THANK YOU KINDERHOOK! You have managed to distract us, briefly, from the shadow of the virus and the fact-less howls of the present president. All the more reason to welcome the debate over “Truth Be Told.” This must be a sign.
Literally. Village of Kinderhook Code Enforcement Officer Peter Bujanow has determined that the words “Truth Be Told” spelled out in neatly cut sheets of a vinyl material called ScotchCal Graphic Film and stuck to the side of the former Martin Van Buren elementary school on Route 9 prove that the words are, technically, a sign.
You can’t miss it. A broad lawn separates the two-story brick building from the road. The black letters on the facade are 21 feet tall and stretch more than the length of the 161-foot structure.
It’s understandable that Mr. Bujanow, an earnest public servant endorsed on this page when he ran for a town office not long ago, might have mistaken the words for a sign. The building was purchased in 2012 by New York City gallery owner Jack Shainman, who has made the place into a gallery and a storage facility for artwork not currently on display. He calls his Kinderhook gallery The School. In the past Mr. Shainman has attached banners to the front of The School, advertising his art shows inside.
But this is different. “Truth Be Told” is not a sign advertising a show in the gallery. The thought as expressed on the building is the art. And the creator of this work is Nick Cave, an internationally acclaimed artist.
Mr. Bujanow sent a 10-page letter listing all the violations of the village and state zoning codes that apply to “Truth Be Told,” asserting that the artwork lacks a building permit under Sec. 62-3(A), which requires the applicant to state the “value of the proposed work” (sub Sec. 2), a statement of how the alleged sign will be used (sub Sec. 5) and drawings of the work (sub Sec 8).
Wow. These regulations set the bar pretty high. Philosophers have struggled to answer the first two questions about the essence of art for centuries. No need for drawings. Go look.
The Kinderhook zoning code has rules for every type of sign you can imagine. Consider a partial list from Sec. 130-2 of the code: “Sign, business; Sign, illuminated; Sign Directly illuminated; Sign Indirectly Illuminated.” You get the picture.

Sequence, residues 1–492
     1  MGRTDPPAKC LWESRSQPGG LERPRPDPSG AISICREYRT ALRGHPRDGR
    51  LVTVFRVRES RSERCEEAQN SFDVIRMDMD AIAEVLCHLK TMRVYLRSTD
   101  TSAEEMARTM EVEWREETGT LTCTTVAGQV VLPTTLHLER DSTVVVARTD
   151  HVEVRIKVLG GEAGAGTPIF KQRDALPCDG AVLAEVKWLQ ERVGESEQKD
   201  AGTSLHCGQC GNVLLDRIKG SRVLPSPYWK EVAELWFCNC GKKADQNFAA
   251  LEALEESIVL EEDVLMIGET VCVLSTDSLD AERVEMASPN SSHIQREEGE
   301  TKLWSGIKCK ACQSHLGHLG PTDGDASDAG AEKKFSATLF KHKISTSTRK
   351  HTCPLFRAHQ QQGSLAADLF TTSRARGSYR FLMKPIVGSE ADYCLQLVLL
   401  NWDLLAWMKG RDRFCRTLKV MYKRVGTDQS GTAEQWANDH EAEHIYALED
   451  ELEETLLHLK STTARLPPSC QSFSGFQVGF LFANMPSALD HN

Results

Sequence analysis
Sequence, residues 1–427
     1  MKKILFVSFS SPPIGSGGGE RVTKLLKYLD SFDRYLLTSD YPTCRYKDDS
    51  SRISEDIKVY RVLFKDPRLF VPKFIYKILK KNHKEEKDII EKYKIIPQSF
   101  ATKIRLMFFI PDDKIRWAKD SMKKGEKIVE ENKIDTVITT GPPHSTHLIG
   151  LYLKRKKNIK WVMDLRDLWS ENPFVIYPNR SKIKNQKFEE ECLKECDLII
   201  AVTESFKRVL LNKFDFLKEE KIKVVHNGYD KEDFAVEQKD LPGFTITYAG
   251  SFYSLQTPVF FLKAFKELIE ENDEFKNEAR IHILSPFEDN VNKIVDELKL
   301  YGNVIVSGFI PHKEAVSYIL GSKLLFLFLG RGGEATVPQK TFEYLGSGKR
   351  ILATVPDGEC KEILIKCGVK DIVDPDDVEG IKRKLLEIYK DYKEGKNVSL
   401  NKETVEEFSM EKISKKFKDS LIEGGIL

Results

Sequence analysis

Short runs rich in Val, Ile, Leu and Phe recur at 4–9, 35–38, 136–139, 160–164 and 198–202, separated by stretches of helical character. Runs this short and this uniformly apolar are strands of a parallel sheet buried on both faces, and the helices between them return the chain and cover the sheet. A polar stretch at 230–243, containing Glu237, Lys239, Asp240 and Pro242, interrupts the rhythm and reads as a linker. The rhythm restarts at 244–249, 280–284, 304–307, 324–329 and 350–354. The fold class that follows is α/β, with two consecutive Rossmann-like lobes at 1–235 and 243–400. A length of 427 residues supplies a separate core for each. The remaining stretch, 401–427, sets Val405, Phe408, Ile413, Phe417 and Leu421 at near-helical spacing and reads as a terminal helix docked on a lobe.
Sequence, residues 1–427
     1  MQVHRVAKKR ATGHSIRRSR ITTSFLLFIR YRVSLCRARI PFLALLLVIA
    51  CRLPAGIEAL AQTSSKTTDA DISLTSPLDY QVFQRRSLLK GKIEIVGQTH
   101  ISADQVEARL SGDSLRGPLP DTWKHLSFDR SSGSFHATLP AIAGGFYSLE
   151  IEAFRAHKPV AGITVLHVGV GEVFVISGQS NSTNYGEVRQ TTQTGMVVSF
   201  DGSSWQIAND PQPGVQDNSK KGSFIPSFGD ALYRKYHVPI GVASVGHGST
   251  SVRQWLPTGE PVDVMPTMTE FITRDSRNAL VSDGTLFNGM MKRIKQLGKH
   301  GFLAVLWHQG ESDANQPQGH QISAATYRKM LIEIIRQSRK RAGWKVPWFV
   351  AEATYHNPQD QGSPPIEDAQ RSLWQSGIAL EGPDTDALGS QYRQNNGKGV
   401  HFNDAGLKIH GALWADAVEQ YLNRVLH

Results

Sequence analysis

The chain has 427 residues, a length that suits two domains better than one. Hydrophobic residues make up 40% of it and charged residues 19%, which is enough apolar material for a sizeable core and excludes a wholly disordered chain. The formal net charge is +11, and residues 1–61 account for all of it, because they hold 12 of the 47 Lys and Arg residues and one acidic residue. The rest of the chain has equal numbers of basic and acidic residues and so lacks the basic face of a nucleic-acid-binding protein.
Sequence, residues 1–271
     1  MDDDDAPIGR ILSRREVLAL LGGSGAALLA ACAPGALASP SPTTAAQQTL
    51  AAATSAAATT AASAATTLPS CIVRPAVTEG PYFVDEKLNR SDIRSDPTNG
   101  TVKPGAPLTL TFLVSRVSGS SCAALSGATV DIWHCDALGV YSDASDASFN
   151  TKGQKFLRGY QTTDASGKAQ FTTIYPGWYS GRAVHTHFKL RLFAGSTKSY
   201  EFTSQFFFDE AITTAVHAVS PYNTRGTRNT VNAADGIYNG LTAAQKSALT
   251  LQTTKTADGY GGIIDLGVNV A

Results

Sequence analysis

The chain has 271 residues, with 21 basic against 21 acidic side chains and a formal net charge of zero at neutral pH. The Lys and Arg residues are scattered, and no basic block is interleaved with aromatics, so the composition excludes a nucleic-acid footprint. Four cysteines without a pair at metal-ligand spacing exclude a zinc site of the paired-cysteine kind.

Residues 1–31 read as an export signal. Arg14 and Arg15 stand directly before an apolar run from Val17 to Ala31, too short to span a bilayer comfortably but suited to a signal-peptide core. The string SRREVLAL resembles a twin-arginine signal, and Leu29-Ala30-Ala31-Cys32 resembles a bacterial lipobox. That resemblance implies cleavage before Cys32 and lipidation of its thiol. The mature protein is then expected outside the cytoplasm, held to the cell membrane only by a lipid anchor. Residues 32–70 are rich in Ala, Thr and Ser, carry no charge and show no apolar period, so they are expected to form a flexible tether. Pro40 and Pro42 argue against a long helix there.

Nowhere does the law account for a sign that isn’t a sign. It’s a work of art. An idea.
There don’t seem to be any village regulations governing non-signs that illuminate the minds of observers, causing them to scratch their head, or laugh or cry or pause a moment to wonder what the artist means or marvel at a vision shared. And if we have such laws, we should remove them.
But sometimes the law works around the edges, relying on laws intended to protect the public that instead can stifle free expression. In Kinderhook this comes up in Mr. Bujanow’s determination that the vinyl letters of “Truth Be Told” pose a fire risk. Even if the vinyl could cause or sustain a fire on the exterior of a brick building, it’s unlikely any visitors would be in the building. The art is on the outside—the safest place to be in this pandemic.
Culture doesn’t stand still but communities can stagnate. Mr. Bujanow has raised questions about the future of this community, which has invested so much in its cultural heritage. But his is not the last word. The Village of Kinderhook Zoning Board of Appeals (ZBA) would have to rule on the whether the village wants to permit the 18th and 21st centuries to mingle.
Or not. Maybe Mr. Shainman won’t bother to come before the ZBA. Instead Mr. Cave’s artwork may close without a ZBA ruling, restoring the front wall of The School and disposing (responsibly, let’s hope) of the vinyl letters along with the threat of fire, real or exaggerated.
In that event the ZBA should still plan ways to work with Mr. Shainman and possibly other arts entrepreneurs who might host local cultural events. But the goal is not to adopt new regulations. The goal is to create more exceptions, because no matter how many rules you adopt, true artists will always surprise you.